Affectionate portrait of Tim "Speed" Levitch, a tour guide for Manhattan's Gray Line double-decker buses. He talks fast, is in love with the city, and dispenses historical facts, ...
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Born at just 23 weeks and weighing 1 pound, Tyrese's head was the size of an egg. If he survived the night, the doctors said he would live in a vegetative state without the ability to see, speak or think - but he proved them wrong.
Affectionate portrait of Tim "Speed" Levitch, a tour guide for Manhattan's Gray Line double-decker buses. He talks fast, is in love with the city, and dispenses historical facts, architectural analysis, and philosophical musings in equal measures. He's reflective and funny about cruising: he loves it, got in it to meet women, and he'd quit work if he could. His personal life is disclosed in small doses: he takes home $200 a week for 20 hours work, home is his suitcase and wherever he can flop, he's been arrested for going out on the roof tops of skyscrapers to see his city; he stands between the towers of the World Trade Center, spins until he's dizzy, then looks up.Written by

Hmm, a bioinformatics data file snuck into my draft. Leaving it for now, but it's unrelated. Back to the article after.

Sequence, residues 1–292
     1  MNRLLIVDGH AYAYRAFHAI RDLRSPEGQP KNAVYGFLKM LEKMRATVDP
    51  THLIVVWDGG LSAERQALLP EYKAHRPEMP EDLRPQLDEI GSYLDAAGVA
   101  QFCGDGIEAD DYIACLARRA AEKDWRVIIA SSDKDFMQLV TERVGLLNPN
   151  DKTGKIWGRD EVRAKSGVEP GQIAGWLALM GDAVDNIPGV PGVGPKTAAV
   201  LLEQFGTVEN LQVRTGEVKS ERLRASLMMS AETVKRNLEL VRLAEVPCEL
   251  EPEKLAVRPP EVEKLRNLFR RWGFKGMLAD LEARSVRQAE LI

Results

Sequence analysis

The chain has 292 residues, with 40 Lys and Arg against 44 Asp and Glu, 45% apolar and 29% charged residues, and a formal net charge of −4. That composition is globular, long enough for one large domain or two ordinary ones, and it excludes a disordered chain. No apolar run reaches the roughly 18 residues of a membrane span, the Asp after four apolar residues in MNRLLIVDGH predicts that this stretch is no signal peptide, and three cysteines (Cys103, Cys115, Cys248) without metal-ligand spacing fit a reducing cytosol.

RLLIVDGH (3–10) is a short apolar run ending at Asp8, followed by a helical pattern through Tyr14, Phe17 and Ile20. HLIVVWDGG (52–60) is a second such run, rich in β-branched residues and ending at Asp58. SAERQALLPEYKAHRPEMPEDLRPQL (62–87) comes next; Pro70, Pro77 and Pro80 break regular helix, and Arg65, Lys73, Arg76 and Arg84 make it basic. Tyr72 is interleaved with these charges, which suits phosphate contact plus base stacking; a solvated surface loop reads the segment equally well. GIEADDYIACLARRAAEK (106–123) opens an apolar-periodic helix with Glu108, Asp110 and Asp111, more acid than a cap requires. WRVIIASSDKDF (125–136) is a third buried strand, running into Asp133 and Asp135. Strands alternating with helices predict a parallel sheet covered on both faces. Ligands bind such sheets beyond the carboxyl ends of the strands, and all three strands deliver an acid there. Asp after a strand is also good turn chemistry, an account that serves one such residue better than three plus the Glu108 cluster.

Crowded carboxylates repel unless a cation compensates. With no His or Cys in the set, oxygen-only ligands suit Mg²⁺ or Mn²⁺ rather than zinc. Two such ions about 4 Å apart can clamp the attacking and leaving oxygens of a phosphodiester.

Timothy 'Speed' Levitch:
By saying that everyone likes The Grid Plan you're saying, "I'm going to relive all the mistakes my parents made. I'm going to identify and relive all the sorrows my mother ever lived through. I will propagate and create dysfunctional children in the same dysfunctional way that I was raised. I will spread neurosis throughout the landscape and do my best to recreate myself and the damages of my life for the next generation."
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This little film could also have been a great story for The New Yorker. When I saw Tim "Speed" Levitch, I thought, Wow, I know this guy! He's every New Yorker I've ever met - tough, effete, gruff, wise, silly, profane, provincial, cosmopolitan, neurotic, eloquent, voluble, accessible, insecure, indomitable...
A few points:
I hope Speed wasn't fired by Grey Line (like he was afraid he'd be) for his choice comments and his non-regulation livery.
Grey Line should wise up and charge a premium for the "Speed Tour" and give Tim Levitch a fitting raise.
More than anything else, "The Cruise" is a portrait of a natural-born poet in his element.
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